Darragh Canavan’s goal just before half time exemplified the folly of Mayo’s set up and ultimately decided the game.
As Mayo laboured in attack, pouring runners forward attempting to create overlaps, Tyrone sat deep in defence. Knowing shots from distance were almost impossible, the northerners patiently waited on Mayo to make a mistake in possession and when the turnover came, 12 green jerseys were in the Tyrone half of the field.
An accurate outlet pass from Ronan McNamee found playmaker Conor McKenna breaking wide at halfway. When McKenna looked up he saw a two-on-two match-up in the Mayo half and had the vision and skill to execute a superb long ball into the path of Canavan. Those two kick passes take the ball from McNamee to Canavan in less than 10 seconds, and three seconds later it is in the net.
If Mayo have a cover player in front of Tyrone’s front two, as Colm Boyle might have been last year, then McKenna has to hold the ball and the sting is gone. Against a strong breeze it is inconceivable that a coaching team at this level wouldn’t recognise both the value and necessity of such an approach.
A large part of why the neutral root for Mayo is that they play their own game and try to impose it on opponents.
Everyone loves to see the rampant green jerseys’ high-energy attacking play. As fine a side as Tyrone are, every one of the top six teams will create those opportunities if Mayo continue to be so negligent in how they set up to defend and that will ultimately place a glass ceiling above them.
Head of the Pack
Unsurprisingly, the teams who negotiated the final two league hurdles most efficiently were the three who were the most stable before competitive football returned and the same teams who head the bookies’ odds for Sam Maguire.
Kerry’s tweaking of their attacking and defensive shape looks to have added an extra edge in both sectors. In particular, their collective approach to condensing space and winning ball back has the potential to ask serious questions of Dublin if the champions are not at the peak of their powers.
No goals conceded in either outing so far for the Kingdom suggests that although their new approach may blunt their scoring rate slightly, it could have an even bigger impact on the opportunities opponents might be afforded.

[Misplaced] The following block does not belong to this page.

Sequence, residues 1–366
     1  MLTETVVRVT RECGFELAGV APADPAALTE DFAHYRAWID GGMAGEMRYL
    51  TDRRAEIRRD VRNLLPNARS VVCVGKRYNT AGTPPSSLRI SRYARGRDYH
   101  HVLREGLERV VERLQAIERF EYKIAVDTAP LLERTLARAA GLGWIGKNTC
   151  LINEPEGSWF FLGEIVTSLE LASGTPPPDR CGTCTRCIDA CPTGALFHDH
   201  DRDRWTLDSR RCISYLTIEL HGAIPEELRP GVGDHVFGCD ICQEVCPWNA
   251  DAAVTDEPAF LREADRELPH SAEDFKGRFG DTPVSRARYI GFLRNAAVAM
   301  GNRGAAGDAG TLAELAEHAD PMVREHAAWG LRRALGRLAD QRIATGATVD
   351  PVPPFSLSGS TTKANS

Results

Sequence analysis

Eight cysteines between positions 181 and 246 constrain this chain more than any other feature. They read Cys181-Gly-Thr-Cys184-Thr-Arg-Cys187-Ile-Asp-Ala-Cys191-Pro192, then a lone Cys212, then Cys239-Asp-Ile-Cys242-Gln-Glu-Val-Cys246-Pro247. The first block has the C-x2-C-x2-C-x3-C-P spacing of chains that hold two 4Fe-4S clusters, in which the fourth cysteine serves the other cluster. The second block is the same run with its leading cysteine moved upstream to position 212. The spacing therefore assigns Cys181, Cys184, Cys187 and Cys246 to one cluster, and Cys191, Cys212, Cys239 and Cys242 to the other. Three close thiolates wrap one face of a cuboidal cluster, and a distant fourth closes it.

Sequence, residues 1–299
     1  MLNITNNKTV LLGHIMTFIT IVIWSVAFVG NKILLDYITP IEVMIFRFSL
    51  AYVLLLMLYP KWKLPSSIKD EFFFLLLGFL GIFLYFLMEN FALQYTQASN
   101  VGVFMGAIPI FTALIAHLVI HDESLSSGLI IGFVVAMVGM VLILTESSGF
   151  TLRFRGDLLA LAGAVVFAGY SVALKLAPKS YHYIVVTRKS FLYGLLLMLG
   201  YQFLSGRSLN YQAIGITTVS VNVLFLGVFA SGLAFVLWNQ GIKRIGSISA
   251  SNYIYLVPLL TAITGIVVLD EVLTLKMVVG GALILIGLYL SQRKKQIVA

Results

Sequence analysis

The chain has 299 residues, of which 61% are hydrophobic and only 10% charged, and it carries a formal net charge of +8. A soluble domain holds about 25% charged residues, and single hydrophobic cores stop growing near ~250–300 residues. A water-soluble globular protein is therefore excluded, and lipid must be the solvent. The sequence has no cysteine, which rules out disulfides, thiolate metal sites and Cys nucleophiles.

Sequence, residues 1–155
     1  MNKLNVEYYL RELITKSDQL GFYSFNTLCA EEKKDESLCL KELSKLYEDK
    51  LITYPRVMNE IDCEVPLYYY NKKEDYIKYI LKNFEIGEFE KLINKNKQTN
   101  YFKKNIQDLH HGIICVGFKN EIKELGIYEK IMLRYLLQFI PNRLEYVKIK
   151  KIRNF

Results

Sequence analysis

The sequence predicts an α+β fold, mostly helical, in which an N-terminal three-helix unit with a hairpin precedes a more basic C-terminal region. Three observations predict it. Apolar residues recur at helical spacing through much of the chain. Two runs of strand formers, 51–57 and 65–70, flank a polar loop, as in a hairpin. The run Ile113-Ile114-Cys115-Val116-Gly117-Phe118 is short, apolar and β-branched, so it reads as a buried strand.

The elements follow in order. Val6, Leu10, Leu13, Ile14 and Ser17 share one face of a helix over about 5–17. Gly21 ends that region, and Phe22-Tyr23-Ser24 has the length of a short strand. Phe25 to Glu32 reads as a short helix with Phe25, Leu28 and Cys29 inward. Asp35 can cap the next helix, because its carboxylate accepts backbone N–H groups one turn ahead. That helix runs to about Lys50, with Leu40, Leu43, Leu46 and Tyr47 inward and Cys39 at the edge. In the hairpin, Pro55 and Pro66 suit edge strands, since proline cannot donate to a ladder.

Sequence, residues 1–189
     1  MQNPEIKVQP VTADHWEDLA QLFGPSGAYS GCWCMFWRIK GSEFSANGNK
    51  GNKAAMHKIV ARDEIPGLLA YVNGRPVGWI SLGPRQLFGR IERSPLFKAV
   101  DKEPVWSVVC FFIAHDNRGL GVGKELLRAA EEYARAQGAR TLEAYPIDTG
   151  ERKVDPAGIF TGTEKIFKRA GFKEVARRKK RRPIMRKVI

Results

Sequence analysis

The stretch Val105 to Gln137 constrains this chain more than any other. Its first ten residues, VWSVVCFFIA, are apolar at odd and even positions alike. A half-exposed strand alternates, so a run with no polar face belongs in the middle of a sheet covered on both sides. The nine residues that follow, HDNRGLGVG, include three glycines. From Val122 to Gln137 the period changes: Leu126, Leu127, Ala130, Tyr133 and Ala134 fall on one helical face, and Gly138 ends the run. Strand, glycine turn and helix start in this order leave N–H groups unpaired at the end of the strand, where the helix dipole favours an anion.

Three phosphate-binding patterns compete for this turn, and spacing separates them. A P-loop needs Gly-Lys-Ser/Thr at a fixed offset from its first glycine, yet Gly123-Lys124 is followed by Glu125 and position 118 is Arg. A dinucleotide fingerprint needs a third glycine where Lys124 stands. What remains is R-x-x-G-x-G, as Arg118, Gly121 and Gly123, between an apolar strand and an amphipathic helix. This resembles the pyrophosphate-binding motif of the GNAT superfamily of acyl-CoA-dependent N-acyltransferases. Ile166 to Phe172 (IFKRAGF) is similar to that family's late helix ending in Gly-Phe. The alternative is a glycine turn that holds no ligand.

Dublin have hit the winter ground playing largely from memory. There was nothing broken and so Dessie Farrell is wisely attempting to maintain the established patterns that have carried his players to so many great heights.
What may complicate things is if the Dubs use the early stages of the Leinster championship to test one or two of the younger players that Farrell feels may have potential to augment what is an already formidable recognised first 20.
Irrespective of what plans the new management may have had for developing their own mark on the five-in-a-row champions given a full year, there can be no question of gambling with team cohesion and patterns now that we are in such a condensed season. Familiarity will be a bonus but Dublin will have to rescale previous heights of intensity and performance to prevail when their biggest challenges come over the next eight weeks.
Donegal, bidding for a third successive provincial title, have the potential to get closest to last year's All-Ireland finalists, provided they can survive this weekend’s heavyweight clash at home to the ever-competitive Tyrone.
Manager Declan Bonner has the stability of being in his third year building a team with considerable pace and power in all areas of the pitch, led by a generational talent in Michael Murphy.
Having navigated through the final stages of the league without picking up injuries to key players - which cost them last year – and placing a marker in front of Tyrone, Donegal now have the potential to break out of their All-Ireland series strait jacket.
They have the talent in their best XV to go toe-to-toe with Kerry or Dublin but their biggest challenge appears to be believing that themselves.